Nightwing #54 Review

Nightwing #54

Writer: Scott Lobdell, Fabian Nicieza / Artist: Garry Brown, Will Conrad / DC Comics

In Part Five of the Knight Terrors arc, we finally see a surge of forward momentum. The three distinct storylines of Ric Grayson, the new Nightwings, and Scarecrow that have been slowly orbiting around each other have finally started to converge in meaningful ways. The brooding self-examination of Ric Grayson has finally come to a close and in its place, we have more brooding from other characters and since we haven’t been bombarded with it for several issues, it feels much more meaningful.

Nightwing #54 opens up with the Nightwings reflecting on vigilantism before pivoting to Ric Grayson discussing his physical therapy in talk therapy and while this has been constantly alluded to in the past, seeing Ric talk about it in a reflective, pensive manner feels like progress. It feels like a healthy representation of what talk therapy is supposed to function as, until, of course, the therapist turns out to have a menacing glint in his glasses and is very clearly a supervillain. Regardless, Ric actually smiles for once so there’s something, accented wonderfully by Brown and Conrad’s artwork. The overt film noir vibes are definitely in there, but there is a touch of optimism in the panels.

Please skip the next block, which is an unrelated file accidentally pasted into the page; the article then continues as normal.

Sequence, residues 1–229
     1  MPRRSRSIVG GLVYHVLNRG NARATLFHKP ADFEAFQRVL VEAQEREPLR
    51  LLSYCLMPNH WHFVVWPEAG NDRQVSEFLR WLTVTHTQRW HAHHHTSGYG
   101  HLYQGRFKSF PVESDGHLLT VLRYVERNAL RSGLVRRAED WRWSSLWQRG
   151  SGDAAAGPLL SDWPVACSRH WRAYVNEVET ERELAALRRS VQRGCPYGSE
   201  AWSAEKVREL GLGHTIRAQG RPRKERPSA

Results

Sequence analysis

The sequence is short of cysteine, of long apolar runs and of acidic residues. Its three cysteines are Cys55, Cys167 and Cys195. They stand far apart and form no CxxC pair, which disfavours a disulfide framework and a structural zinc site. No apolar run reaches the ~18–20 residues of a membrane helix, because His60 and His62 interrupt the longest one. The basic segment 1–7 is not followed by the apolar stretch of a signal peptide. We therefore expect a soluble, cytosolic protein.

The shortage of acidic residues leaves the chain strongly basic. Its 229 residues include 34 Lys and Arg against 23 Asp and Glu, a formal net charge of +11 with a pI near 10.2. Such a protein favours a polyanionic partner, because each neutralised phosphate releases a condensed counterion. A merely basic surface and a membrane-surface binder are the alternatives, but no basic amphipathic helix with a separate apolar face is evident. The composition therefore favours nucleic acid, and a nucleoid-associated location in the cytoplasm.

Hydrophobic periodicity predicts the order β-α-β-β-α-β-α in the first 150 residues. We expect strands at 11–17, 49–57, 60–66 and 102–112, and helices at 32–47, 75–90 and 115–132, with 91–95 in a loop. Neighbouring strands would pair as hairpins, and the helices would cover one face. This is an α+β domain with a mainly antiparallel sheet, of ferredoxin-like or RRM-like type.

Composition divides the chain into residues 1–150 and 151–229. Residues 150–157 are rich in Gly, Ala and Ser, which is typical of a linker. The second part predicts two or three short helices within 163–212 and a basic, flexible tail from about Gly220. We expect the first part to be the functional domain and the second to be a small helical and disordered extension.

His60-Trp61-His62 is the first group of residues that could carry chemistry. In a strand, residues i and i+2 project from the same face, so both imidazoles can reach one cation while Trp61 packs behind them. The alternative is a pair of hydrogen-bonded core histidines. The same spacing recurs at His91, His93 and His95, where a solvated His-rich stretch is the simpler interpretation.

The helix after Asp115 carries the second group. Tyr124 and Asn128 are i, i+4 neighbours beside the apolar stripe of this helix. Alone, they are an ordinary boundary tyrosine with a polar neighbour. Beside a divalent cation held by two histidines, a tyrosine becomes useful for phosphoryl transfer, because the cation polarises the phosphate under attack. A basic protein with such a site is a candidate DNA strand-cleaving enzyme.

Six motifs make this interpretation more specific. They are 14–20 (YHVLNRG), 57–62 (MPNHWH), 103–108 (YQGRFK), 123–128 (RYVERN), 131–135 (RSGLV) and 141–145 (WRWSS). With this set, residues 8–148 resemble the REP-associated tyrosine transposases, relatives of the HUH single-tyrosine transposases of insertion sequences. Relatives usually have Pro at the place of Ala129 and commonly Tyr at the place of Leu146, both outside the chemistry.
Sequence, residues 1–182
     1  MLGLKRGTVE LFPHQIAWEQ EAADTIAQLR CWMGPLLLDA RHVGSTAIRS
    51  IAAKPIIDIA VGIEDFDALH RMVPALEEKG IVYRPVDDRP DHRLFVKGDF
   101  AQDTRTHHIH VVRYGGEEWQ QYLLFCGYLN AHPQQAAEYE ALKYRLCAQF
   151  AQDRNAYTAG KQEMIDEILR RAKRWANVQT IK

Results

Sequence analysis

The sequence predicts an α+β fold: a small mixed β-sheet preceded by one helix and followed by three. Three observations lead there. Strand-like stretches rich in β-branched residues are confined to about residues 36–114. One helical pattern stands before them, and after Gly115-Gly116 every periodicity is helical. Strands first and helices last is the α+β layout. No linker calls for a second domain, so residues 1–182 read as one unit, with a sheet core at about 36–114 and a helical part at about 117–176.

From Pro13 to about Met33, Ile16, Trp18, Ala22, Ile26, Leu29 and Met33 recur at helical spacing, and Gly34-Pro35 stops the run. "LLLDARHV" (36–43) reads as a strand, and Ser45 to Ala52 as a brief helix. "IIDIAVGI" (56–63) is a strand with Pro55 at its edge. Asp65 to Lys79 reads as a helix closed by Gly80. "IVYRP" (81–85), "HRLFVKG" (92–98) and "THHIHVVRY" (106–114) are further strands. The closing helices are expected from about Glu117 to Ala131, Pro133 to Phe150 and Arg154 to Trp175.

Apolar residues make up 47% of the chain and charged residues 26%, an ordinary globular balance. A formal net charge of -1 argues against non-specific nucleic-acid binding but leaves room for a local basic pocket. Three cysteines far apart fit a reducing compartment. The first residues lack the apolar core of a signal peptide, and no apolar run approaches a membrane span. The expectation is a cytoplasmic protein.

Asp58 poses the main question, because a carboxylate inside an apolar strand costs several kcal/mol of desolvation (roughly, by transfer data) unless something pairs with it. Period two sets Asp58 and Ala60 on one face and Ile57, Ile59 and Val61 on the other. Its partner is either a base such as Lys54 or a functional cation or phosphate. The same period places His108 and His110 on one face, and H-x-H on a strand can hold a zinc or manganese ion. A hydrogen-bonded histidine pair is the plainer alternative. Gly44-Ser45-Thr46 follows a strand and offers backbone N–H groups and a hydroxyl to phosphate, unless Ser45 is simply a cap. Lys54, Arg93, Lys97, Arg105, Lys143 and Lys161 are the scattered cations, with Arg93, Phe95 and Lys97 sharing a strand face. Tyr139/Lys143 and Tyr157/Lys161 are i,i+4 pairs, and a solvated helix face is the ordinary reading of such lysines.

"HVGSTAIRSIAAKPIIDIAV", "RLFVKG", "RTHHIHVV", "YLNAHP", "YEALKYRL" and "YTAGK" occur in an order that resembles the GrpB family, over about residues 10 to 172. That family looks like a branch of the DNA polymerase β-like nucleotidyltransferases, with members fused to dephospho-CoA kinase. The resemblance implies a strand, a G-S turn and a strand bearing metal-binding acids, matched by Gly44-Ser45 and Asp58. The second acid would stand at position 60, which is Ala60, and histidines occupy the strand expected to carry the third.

Nightwing #54 Inside

Nicieza’s script has finally tuned the dialog and narration to a point where it feels like Ric has developed a personality desperate from being “Not Dick Grayson,” and while I miss Nightwing, I can envision a future in the DC cannon where Ric Grayson exists as a prodigal son and it’s working. Ric figuring out how to contribute to Blüdhaven without a mask is an interesting prospect, and it’s growing on it.

With the Nightwings and Scarecrow subplots… I think I’m more interested in seeing how the Scarecrow angle works out. Something about rogue cops dressing up feels weird and maybe a bit tone-deaf given the current cultural climate and seeing a Bat-family member with a gun (that isn’t Jason Todd) feels wrong.

The issue definitely reinvigorated my interest in the series, and I’m actually excited to see how what happens now that the three plots are converging on a crash course. Still a little rough around the edges, but it’s the most fun I’ve had with Nightwing in a minute.

7.7 “Steps Into Air” out of 10

Reading Nightwing? Find BNP’s other reviews of the series here.

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